duck5

procrastination, heresy, and navel-gazing.

Sunday, June 29, 2008

Christocentrism

sometimes I get a bit over Christocentrism.
it’s not that I don’t agree that all the scriptures point to Christ. But I always thought Christ came to show us God -
No one has ever seen God; the only God, who is at the Father’s side, [Jesus] has made him known. John 1:18
If the Bible is God’s self revelation, Christ is the Word of God, revealing God to us – then why do we always talk about reading and preaching Christocentrically?
Jesus is about revealing to us God
Jesus is about reconciling us to God
Jesus is about bringing us into God’s Kingdom
Jesus is about bringing about God’s Kingdom
and on top of all that, Jesus is God
so why Christocentric?
why not Theocentric – you cover Christocentric anyway.

i think a little levity on this would make free preachers up to preach God from all the Scriptures. To preach God, who is revealed throughout his scriptures, who is revealed in Jesus, but also reveals himself to us as he relates with Abraham, Isaac and Jacob; with Jepthah, Gideon and Barak, with Rahab, Ruth and Rehoboam.
i think as we then preach God, we will preach Christ – the Son of God; we will preach the Holy Spirit, we will preach the whole host of God’s revelation to us in his Word, as well as in his words.

if you're wondering why i've been moved to write this? listening to some Dale Ralph Davis talks from last year's SMBC Preaching Conference as he worked through Judges and some other OT narrative passages, i am thinking more and more that we are allowed to just preach God.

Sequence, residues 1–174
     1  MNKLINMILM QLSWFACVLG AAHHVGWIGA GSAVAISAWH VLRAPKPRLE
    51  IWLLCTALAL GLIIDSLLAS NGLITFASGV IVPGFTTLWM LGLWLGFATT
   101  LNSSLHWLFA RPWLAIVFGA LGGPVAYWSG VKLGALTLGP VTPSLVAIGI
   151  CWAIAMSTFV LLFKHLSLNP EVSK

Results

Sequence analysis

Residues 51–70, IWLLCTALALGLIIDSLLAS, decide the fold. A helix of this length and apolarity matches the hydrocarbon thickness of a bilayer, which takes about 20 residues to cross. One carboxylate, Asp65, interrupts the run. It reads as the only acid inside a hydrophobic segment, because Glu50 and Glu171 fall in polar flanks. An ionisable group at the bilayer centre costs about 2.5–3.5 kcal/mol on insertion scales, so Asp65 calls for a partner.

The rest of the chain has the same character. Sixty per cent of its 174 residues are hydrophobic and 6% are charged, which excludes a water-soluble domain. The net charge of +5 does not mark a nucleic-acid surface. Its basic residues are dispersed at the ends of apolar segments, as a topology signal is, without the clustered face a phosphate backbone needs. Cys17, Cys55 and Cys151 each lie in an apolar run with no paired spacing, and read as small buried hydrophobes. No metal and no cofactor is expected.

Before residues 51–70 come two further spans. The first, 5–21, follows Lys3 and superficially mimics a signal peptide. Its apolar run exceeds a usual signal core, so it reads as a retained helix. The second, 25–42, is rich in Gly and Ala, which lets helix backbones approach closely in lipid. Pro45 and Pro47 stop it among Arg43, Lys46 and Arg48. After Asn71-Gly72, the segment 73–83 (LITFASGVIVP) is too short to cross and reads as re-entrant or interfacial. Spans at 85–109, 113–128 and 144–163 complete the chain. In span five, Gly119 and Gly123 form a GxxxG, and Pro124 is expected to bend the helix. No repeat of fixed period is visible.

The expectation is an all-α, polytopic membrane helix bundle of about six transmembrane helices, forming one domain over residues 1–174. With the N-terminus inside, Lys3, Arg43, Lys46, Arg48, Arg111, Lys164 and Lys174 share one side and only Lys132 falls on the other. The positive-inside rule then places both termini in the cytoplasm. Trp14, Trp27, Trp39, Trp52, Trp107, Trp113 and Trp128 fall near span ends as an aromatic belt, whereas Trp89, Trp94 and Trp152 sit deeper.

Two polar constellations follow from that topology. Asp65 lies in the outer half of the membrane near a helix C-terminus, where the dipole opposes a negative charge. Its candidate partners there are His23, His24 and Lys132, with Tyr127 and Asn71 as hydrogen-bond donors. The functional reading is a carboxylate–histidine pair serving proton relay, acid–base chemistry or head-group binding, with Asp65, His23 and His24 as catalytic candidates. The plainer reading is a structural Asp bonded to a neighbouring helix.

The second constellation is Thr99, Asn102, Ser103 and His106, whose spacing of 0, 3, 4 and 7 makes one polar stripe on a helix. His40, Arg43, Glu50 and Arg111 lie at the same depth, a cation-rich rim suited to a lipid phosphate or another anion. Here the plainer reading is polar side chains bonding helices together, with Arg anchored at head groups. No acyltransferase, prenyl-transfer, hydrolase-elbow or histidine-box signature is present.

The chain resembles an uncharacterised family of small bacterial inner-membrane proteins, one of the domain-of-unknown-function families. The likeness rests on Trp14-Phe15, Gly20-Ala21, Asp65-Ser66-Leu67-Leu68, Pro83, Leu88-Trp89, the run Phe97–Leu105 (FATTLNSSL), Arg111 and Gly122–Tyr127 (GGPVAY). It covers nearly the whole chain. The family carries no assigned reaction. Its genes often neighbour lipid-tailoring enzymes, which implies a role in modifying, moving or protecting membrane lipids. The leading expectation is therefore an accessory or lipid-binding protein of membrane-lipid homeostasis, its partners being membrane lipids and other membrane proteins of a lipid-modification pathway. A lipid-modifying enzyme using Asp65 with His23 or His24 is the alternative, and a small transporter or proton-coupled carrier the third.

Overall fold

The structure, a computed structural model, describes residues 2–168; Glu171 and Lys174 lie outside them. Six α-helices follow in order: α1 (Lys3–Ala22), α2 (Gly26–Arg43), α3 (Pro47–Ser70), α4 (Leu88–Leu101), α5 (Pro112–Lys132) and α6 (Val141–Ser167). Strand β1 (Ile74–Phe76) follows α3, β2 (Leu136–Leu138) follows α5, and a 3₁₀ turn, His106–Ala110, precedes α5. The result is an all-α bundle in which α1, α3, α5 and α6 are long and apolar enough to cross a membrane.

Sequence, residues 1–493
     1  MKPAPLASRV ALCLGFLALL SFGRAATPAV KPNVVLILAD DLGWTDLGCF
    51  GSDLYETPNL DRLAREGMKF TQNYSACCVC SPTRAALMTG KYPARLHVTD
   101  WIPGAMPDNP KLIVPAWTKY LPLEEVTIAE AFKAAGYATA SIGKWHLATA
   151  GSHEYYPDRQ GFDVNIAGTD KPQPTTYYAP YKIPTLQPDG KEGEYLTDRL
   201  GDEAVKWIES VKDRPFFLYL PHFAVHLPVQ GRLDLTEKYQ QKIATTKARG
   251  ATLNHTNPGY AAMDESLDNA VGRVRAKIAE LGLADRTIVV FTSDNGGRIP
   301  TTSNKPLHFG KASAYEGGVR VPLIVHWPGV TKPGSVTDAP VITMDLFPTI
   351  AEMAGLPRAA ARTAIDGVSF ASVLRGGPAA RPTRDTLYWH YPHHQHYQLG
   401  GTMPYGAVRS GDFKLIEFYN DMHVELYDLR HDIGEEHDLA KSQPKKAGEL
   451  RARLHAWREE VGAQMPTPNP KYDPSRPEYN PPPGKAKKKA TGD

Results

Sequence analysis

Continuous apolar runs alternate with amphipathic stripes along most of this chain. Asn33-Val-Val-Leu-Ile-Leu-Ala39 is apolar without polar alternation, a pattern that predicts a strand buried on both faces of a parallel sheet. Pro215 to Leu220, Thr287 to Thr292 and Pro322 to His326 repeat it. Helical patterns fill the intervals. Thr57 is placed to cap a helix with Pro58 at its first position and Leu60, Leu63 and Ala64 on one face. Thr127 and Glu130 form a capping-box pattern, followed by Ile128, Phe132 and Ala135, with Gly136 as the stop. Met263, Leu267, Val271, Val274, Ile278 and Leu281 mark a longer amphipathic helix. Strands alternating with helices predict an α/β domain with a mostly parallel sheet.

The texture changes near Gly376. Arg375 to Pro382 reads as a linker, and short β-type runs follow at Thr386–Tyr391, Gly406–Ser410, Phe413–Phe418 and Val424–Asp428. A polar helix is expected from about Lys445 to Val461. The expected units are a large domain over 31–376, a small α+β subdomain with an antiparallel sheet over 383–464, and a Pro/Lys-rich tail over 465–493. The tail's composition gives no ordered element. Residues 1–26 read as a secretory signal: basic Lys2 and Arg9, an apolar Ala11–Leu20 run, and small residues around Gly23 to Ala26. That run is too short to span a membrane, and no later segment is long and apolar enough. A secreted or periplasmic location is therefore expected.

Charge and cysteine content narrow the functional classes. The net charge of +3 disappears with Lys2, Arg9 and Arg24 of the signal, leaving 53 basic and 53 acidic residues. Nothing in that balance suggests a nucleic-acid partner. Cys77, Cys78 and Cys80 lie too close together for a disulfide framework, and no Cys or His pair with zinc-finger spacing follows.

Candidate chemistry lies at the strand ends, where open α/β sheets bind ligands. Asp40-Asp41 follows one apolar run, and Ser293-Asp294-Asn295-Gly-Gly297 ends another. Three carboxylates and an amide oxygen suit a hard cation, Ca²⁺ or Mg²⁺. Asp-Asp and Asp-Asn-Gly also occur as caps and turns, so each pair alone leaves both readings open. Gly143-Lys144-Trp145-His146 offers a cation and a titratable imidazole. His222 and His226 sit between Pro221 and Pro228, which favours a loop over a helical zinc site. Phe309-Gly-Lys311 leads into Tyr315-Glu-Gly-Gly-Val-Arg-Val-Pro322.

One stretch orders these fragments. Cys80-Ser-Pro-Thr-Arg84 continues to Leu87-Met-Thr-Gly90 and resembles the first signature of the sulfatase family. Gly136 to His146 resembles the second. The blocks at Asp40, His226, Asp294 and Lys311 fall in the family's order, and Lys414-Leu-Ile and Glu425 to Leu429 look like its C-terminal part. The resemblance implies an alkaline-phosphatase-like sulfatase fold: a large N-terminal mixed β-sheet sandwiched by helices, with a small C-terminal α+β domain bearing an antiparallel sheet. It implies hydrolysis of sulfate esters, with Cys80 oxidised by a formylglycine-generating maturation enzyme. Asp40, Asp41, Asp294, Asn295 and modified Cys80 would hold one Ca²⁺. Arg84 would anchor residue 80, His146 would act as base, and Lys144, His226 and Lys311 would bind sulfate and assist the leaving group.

it may be that the pressure i feel to make everything Christocentric is from a perceived lack of this around the world, but the error of not preaching Christocentrically is not preaching Theocentrically, but moralistic sermonising. so as a reaction to doing bad biblical theology i can understand the emphasis on Christocentrism, but that's not the direction i'm wanting to go.
make sense?

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Monday, June 23, 2008

an important quote about a man you don't know.

Barmen helped the church seek to be a faithful community of witness and service, but it did not require it to develop a prophetic, "watchman" or public theological role, shaping the moral and spiritual architecture of civilisation. [...] it distanced itself equally from all social theories and political systems. In asserting that the gospel stands far beyond all forms of human wisdom, Barmen limited the church's capacity to develop modes of discourse and social convictions necessary for creative participation in society.*
you may not know who Barmen is. in fact, it's maybe better if you don't. the question is one of relevance. what is the church? what does it seek? from what does it distance itself from? from what does it shirk from discussing, interacting with?

at my old church, i was really excited at the 'untouchable' series we did every year, as we do exactly what the quote above maintains of Barmen. it was a great testimony to God as we saw many people from the community drawn not to an irrelevant piece of architecture from another age, but to a church that speaks the truth in love.

* quote from Revisiting the church in socialism. Max L. Stackhouse, in Christian Century, 115 no 25 S 23-30 1998. p867

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Wednesday, June 18, 2008

wordle

wordle is fun. and not procrastination either. well, it is, but there is a purpose, as justin via mpj rightly say.

Firstly then, from my sermon last week on Exodus 16-17: (CLICK TO ZOOM IN ON PICS)

then we have, from earlier in the year, a sermon on Philippians 2:12-18:

A two-part series from last year on Lamentations:

and finally, a wordle from what you see on this blog!

i'm not sure what to say about all this, what i can understand better about how i preach, at least the words i (intend to) read out aloud. i would like to see the word love there a little more, it really doesn't stand out as it should, except in the Philippians talk. thankfully there's not too many 'churchy' words, which pleases me. i'm glad to see hope stand out in the Lamentations talks, that's something i really wanted to impress from that book.